In 1900, 194 out of every 100,000 Americans died of tuberculosis (TB), making it the second-leading cause of death, behind only pneumonia and influenza. Although an effective treatment would not be introduced until after World War II, the TB mortality rate fell dramatically over the next three decades. By 1920, it had fallen to 113 per 100,000 persons, and by 1930, it had fallen to 71 per 100,000 persons.
How was TB vanquished, or at least controlled, in the United States and other developed countries? Scholars have proposed several explanations, including better living conditions, herd immunity because of natural selection, reduced virulence, and improved nutrition. The introduction of basic public health measures (for example, isolating patients in sanatoriums and TB hospitals) is another potential explanation, but scholars have questioned whether such measures contributed meaningfully to the decline in TB mortality.
Drawing on newly digitized data from a variety of primary sources, the current study explores whether the TB movement contributed to the decline in TB mortality in the United States. The movement began with the establishment of the Pennsylvania Society for the Prevention of Tuberculosis in 1892 and gained momentum when the National Association for the Study and Prevention of Tuberculosis (NASPT) was founded in 1904. Spearheaded by voluntary associations composed of both laypersons and physicians and supported by the sale of Christmas seals, the U.S. TB movement pioneered many of the strategies of modern public health campaigns.
Between 1900 and 1917, hundreds of state and local TB associations sprung up across the United States. These associations distributed educational materials and provided financial support to sanatoriums and TB hospitals, where patients with active TB were isolated from the general population and, if lucky, could recover. In addition, these associations advocated, often successfully, for the passage of legislation designed to curb the transmission of TB, including requirements that doctors notify local public health officials about active TB cases.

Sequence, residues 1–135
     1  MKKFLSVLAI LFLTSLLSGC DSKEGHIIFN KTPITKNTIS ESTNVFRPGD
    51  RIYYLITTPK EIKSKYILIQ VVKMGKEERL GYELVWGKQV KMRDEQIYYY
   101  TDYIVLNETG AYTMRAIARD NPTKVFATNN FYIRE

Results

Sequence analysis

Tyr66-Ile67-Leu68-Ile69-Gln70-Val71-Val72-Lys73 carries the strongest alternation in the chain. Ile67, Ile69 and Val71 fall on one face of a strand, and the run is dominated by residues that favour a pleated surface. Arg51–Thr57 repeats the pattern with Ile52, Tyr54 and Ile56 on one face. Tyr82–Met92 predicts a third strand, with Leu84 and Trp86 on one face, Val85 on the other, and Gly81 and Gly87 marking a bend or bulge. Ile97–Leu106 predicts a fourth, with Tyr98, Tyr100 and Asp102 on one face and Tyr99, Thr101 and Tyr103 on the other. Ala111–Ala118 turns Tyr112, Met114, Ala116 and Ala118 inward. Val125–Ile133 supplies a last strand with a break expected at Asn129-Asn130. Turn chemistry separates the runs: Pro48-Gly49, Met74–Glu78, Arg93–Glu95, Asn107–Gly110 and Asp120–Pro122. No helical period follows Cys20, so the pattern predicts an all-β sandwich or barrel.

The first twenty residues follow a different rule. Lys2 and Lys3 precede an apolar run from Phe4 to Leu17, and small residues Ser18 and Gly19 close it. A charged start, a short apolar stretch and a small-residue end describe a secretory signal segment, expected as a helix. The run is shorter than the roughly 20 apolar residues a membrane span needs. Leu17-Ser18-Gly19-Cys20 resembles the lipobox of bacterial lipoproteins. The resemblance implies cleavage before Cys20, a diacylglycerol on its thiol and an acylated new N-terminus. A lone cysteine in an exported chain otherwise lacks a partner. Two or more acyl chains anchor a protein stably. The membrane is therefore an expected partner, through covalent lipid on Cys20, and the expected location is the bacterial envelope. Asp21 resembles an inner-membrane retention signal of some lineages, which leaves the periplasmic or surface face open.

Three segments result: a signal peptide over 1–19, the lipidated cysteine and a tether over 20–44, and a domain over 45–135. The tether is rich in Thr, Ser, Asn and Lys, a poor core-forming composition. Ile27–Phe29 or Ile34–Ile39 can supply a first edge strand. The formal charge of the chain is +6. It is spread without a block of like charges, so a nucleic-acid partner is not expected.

Reporting requirements were a key feature of the campaign against TB. These requirements prevented physicians from concealing a diagnosis of TB from their patients and allowed local health officials to monitor TB patients, ensuring that they were taking precautions not to infect others.
In several states, “careless consumptives” could be forcibly committed to TB hospitals or sanatoriums, where they were not a threat to the health of their family and coworkers. When a TB patient died, municipalities and states often required that his or her premises be thoroughly disinfected. Although remarkable in its scope and intensity, the effectiveness of the U.S. TB movement has, to date, not been studied in a systematic fashion. Using municipal-level data from 1900 to 1917 from Mortality Statistics, which was published on an annual basis by the U.S. Census Bureau, we estimate the relationship between pulmonary TB mortality and the introduction of public health measures designed to curb the spread of the disease.
Our estimates, which control flexibly for common shocks and municipal-level heterogeneity, suggest that most anti-TB measures had no discernable impact on pulmonary TB mortality. Two exceptions to this general result stand out: requiring TB cases to be reported to local health officials is associated with a 6 percent reduction in pulmonary TB mortality, and the opening of a state-run sanatorium is associated with an almost 4 percent reduction in pulmonary TB mortality. These estimated effects are robust across a variety of specifications but can explain, at most, only a small portion of the overall decline in pulmonary TB mortality observed from 1900 to 1917.
This research brief is based on D. Mark Anderson, Kerwin Kofi Charles, Claudio Las Heras Olivares, and Daniel I. Rees, “Was the First Public Health Campaign Successful? The Tuberculosis Movement and Its Effect on Mortality,” National Bureau of Economic Research Working Paper no. 23219, March 2017, http://www.nber.org/papers/w23219.